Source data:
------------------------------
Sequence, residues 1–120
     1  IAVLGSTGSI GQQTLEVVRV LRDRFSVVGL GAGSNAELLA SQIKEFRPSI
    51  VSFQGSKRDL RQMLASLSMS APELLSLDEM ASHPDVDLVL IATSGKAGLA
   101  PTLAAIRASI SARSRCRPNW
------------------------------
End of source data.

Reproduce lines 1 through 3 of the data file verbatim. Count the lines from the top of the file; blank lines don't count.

Sequence, residues 1–120
     1  IAVLGSTGSI GQQTLEVVRV LRDRFSVVGL GAGSNAELLA SQIKEFRPSI
    51  VSFQGSKRDL RQMLASLSMS APELLSLDEM ASHPDVDLVL IATSGKAGLA